Kirsten Beitler, The Hidden Life Lessons Behind Her Art

Kirsten Beitler’s experiences are far and wide, and that’s the epitome of a great life. The plethora of emotions evoked while getting to know Kirstens work are many. Aimed to share life experiences through humor, a few of her mottos include finding the beauty without ignoring the ugly,  and celebrating the strange.  Kirsten aims to make her work accessible to a wide variety of people.

Tell us about you and how you ended up in St George, UT?
I’m a Southern Utah native. My family moved here when I was seven.

Tell us about your art and what gives you inspiration?
Most of my work is autobiographical in nature. I use art to process my experiences. Art also allows me to celebrate the things I find most enriching; the beauty and struggle of nature and humanity. Humor is also very important to me and I enjoy doing pieces about things that make me smile. As an illustrator at heart, I am versatile in a wide variety of mediums and chose the medium that I feel will best highlight the subject.

What about life experiences can be translated most in art ?
The human face and body are infinitely expressive. They hold all our experiences and if I can get those experiences onto the canvas, a conversation with the viewer can begin and something new and healing can be created.

How does your art specifically find beauty without ignoring the ugly?
You can’t have beauty without ugly. Surface level niceties hold no interest for me. The best things I’ve learned about myself have come out of some of the hardest experiences I’ve had. Not that I search for the ugly things in life, but that they are there and to ignore them is disingenuous and harmful to living as well as to art.

What brings you joy about connecting with others through art?
When someone can see a piece I’ve done and feel not so alone, whether that’s laughing together, crying together, celebrating or grieving together, an energy that is bigger and better than both of us is created and that transformation is a powerful thing. It’s a joyful thing.

What is your favorite go-to meal?
As a busy, working single mom, anything I don’t have to cook!

You share about celebrating the strange. What does that mean to you?
I’ve never really felt like I fit in. I always felt a little out there and a little extra. But hiding those things didn’t fix that feeling. When I started showing more of my genuine self, I found that I was not the only weirdo out there. Be yourself. You’ll find your people. We are “fearfully and wonderfully made” and different on purpose to be exactly what the world needs, exactly where we are.

How does humor play a part in your art?
My day job is making signs for Harmons Grocery so I have the opportunity to make shopping a fun experience for people every day. In my personal work I deal with a lot of heavy subjects but I also enjoy doing work that brings me joy and humor is something that does that. There are only a few times in my life when things have been so bad that I haven’t been able to find something to laugh about. Laughter is a powerful healing medicine.

What is one thing most people wouldn’t know about you?
I try to be fairly open about my life, but people from the outside looking in may be surprised by how much energy I put into battling depression and anxiety and how much grief that brings up on a daily basis.

Tell us about your racial equality work and what we should know about how we can help.
I always say you don’t know what you don’t know until you know, and that’s how it’s been with so many issues for me. I thought I knew about racial inequities until I became the mom of two black/biracial kids. I hope everyone will do themselves the favor of admitting that they don’t really know what they think they know and allowing themselves to listen and believe when someone who comes from a different background than them shares their lived experience. I Follow BIPOC changemakers and leaders on social media sites, not to argue, but to listen and learn, and put in the work to study the history of things that bring up resistance inside myself and allow myself the grace to change my mind when I come up against truths I may not have known. I try to step up and stand out when I see and hear things that uphold damaging paradigms. The biggest damages to my children have come from their peers here in Southern Utah at the places where they should be safest, church and school. I beg you to teach your kids to be respectful and compassionate about differences, be mindful of the media you consume and how you speak about different racial, religious, and political groups and ideologies at home because your children are listening, and above all, to do your own healing work. Integrating and caring for our broken parts, learning about our nervous systems and how to regulate and express our emotions in healthy ways, and taking responsibility for our actions is a prerequisite for being the kind of person who has the capacity to heal the wounds in the world around us.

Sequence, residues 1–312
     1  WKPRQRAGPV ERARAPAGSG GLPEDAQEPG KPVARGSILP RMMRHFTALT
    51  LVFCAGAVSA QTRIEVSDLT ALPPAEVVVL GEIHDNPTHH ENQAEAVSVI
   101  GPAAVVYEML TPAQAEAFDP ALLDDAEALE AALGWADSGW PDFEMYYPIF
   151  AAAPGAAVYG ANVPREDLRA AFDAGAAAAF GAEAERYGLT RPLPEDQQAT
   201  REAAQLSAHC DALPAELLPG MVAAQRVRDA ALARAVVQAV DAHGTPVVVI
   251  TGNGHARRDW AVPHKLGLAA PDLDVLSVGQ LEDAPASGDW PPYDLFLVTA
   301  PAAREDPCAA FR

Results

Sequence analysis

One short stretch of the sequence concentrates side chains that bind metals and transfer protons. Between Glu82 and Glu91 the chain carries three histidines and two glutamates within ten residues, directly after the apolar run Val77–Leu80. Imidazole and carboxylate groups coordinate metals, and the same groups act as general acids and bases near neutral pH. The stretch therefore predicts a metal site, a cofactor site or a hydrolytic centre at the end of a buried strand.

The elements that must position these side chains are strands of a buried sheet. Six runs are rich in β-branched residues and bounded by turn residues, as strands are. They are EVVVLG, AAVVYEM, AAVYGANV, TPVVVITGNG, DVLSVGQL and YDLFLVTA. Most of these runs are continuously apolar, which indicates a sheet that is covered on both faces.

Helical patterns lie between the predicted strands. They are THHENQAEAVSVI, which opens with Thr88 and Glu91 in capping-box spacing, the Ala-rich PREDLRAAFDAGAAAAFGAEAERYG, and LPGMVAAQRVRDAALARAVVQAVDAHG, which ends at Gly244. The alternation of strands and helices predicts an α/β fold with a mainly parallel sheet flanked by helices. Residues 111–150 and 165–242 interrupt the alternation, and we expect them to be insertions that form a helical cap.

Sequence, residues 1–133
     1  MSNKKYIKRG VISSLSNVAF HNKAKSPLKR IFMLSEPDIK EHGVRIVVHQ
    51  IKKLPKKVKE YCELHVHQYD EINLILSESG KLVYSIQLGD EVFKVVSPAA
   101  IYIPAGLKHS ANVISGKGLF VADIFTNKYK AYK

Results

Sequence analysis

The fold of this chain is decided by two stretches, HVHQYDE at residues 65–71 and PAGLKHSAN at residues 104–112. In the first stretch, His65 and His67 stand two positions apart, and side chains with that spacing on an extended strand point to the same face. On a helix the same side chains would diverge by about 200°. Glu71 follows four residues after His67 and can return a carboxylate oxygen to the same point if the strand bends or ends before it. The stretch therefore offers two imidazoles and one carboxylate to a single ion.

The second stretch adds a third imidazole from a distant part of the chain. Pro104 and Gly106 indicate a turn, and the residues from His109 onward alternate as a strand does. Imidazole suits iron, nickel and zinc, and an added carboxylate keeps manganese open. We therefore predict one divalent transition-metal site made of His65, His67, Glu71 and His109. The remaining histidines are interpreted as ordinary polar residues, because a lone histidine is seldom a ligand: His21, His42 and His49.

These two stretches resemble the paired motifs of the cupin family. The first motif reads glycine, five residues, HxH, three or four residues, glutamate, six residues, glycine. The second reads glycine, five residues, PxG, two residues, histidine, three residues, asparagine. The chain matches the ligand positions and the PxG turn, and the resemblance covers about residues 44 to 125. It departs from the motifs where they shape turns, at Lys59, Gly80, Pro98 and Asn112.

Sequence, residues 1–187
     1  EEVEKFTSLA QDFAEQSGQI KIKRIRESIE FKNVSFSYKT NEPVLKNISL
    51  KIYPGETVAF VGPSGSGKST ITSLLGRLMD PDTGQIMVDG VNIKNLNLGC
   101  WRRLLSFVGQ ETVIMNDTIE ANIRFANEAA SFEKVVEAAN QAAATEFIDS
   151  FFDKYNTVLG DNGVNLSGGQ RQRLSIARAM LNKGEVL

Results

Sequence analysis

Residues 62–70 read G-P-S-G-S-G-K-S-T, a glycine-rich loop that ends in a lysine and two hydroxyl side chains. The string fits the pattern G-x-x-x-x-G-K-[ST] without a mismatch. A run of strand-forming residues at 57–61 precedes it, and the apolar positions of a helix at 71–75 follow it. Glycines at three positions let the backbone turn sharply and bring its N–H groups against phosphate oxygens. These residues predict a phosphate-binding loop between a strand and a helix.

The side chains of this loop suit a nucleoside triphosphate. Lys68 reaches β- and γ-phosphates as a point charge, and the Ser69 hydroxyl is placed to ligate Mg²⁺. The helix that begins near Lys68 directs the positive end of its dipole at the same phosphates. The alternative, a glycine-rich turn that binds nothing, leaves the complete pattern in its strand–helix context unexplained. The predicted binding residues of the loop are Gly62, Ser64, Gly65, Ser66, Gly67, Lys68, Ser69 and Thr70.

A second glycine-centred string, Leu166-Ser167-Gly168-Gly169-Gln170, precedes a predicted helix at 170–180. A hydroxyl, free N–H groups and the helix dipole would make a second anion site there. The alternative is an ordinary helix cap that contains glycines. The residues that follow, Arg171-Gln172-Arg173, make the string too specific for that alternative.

Where can we find your art?
Check my website for any current or upcoming shows. You can see my sign work at the Santa Clara Harmons and starting May 15th, I’ll be at the St. George Harmons.

Do you do private group classes if we want to do a night of art with our friends?

Yes! I have a limited availability for private classes and paint parties in your home or though studio spaces like Art Provides in downtown St. George. I also offer individual and group non-clinical art therapy sessions for adults and children to supplement personal therapy, team building experiences, and retreat-type settings. These sessions can help with anything from trauma processing to helping with motor skills issues and delays.

What are your social media handles and websites?